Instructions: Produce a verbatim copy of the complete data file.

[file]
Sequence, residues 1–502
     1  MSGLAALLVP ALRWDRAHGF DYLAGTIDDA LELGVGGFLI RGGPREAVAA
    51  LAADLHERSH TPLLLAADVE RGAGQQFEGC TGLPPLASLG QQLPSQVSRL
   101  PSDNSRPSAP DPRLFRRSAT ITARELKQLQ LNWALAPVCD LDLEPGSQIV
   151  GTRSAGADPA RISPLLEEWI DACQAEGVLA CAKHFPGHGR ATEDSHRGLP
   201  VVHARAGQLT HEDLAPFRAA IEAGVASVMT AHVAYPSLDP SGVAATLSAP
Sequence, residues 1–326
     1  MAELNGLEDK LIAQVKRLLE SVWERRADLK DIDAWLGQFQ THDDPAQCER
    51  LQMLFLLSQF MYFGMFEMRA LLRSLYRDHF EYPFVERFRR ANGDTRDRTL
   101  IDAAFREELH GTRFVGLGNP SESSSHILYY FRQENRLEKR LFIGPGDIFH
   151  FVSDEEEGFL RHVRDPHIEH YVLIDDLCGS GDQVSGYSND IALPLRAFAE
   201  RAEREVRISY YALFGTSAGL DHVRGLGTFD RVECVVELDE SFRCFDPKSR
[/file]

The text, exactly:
Sequence, residues 1–502
     1  MSGLAALLVP ALRWDRAHGF DYLAGTIDDA LELGVGGFLI RGGPREAVAA
    51  LAADLHERSH TPLLLAADVE RGAGQQFEGC TGLPPLASLG QQLPSQVSRL
   101  PSDNSRPSAP DPRLFRRSAT ITARELKQLQ LNWALAPVCD LDLEPGSQIV
   151  GTRSAGADPA RISPLLEEWI DACQAEGVLA CAKHFPGHGR ATEDSHRGLP
   201  VVHARAGQLT HEDLAPFRAA IEAGVASVMT AHVAYPSLDP SGVAATLSAP
Sequence, residues 1–326
     1  MAELNGLEDK LIAQVKRLLE SVWERRADLK DIDAWLGQFQ THDDPAQCER
    51  LQMLFLLSQF MYFGMFEMRA LLRSLYRDHF EYPFVERFRR ANGDTRDRTL
   101  IDAAFREELH GTRFVGLGNP SESSSHILYY FRQENRLEKR LFIGPGDIFH
   151  FVSDEEEGFL RHVRDPHIEH YVLIDDLCGS GDQVSGYSND IALPLRAFAE
   201  RAEREVRISY YALFGTSAGL DHVRGLGTFD RVECVVELDE SFRCFDPKSR